The Real Deal New York

Broad Street Development secures $155M for 370 Lexington buy

Invesco provided the the loan
By David Jeans | December 18, 2018 05:45PM

From left: Broad Street Development CEO Raymond Chalmè, 370 Lexington Avenue, and Invesco CEO Martin Flanagan (Credit: BSD, Witkoff, and Invesco)

UPDATED, Dec. 21, 2:15 p.m.: Broad Street Development, in partnership with Terra Capital Partners, has locked in roughly a $155 million financing to fund the purchase of 370 Lexington Avenue.

Invesco Real Estate provided the financing, according to mortgage documents filed this week. The debt consists of a $120 million senior mortgage and a $35 million mezzanine piece. Broad Street agreed to buy the property for $190 million in September from Japanese investment company Unizo Holdings, which is offloading its $1 billion Manhattan portfolio. A Cushman & Wakefield team led by Doug Harmon negotiated the sale.

Unizo sold the 27-story, 311,000-square-foot tower at a loss, having paid Sherwood Equities and JPMorgan Chase $247 million for it in 2015. It has also sold 440 Ninth Avenue (for $269 million) and 321 West 44th Street (for $150 million) this year.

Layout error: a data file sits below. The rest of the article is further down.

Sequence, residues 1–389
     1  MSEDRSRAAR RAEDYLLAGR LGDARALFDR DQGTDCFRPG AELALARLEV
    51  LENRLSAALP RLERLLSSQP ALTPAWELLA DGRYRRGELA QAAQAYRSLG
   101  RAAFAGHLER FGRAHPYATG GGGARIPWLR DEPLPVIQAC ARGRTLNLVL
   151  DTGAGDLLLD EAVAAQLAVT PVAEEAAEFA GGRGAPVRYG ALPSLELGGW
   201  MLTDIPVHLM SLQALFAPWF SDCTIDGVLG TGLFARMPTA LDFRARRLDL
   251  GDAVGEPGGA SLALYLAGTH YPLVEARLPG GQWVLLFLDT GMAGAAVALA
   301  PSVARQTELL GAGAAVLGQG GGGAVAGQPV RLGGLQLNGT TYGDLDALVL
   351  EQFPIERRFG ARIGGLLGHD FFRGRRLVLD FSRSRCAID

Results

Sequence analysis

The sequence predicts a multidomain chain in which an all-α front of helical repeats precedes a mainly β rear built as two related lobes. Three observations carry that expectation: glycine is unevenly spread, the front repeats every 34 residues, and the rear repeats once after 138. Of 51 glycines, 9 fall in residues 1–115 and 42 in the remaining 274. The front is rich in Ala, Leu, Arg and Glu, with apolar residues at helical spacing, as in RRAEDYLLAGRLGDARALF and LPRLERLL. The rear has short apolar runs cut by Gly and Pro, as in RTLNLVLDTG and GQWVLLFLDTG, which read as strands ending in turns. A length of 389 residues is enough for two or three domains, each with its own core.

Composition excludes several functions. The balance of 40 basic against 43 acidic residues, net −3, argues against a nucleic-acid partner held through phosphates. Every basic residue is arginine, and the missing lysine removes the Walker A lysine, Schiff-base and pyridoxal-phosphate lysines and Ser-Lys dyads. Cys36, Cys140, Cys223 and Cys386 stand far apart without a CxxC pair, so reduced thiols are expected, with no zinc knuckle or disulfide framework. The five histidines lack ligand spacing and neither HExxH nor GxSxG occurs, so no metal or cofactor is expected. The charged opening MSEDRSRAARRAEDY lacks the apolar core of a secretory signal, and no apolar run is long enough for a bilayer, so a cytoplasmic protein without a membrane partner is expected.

It’s not the first time Broad Street has had an interest in 370 Lexington. Public records show the firm bought the property for $97.2 million in 2006 before selling it to Sherwood for $155 million two years later.

Meanwhile, Invesco has been involved in a flurry of deals in recent months. In October, the Atlanta-based firm took an 80 percent stake in AvalonBay’s multifamily portfolio for $760 million, which includes the 405-unit AVA High Line at 525 West 28th Street and the 305-unit Avalon West Chelsea at 282 Eleventh Avenue.  Earlier this year, it took the leasehold interest on TH Real Estate’s office building at 430 West 15th Street for $158.5 million.

Representatives for Invesco and Broad Street could not immediately be reached.

Update: This story has been updated to reflect the full financing amount, as mezzanine debt is not recorded in public records, as well as the identity of Broad Street’s partner in the deal.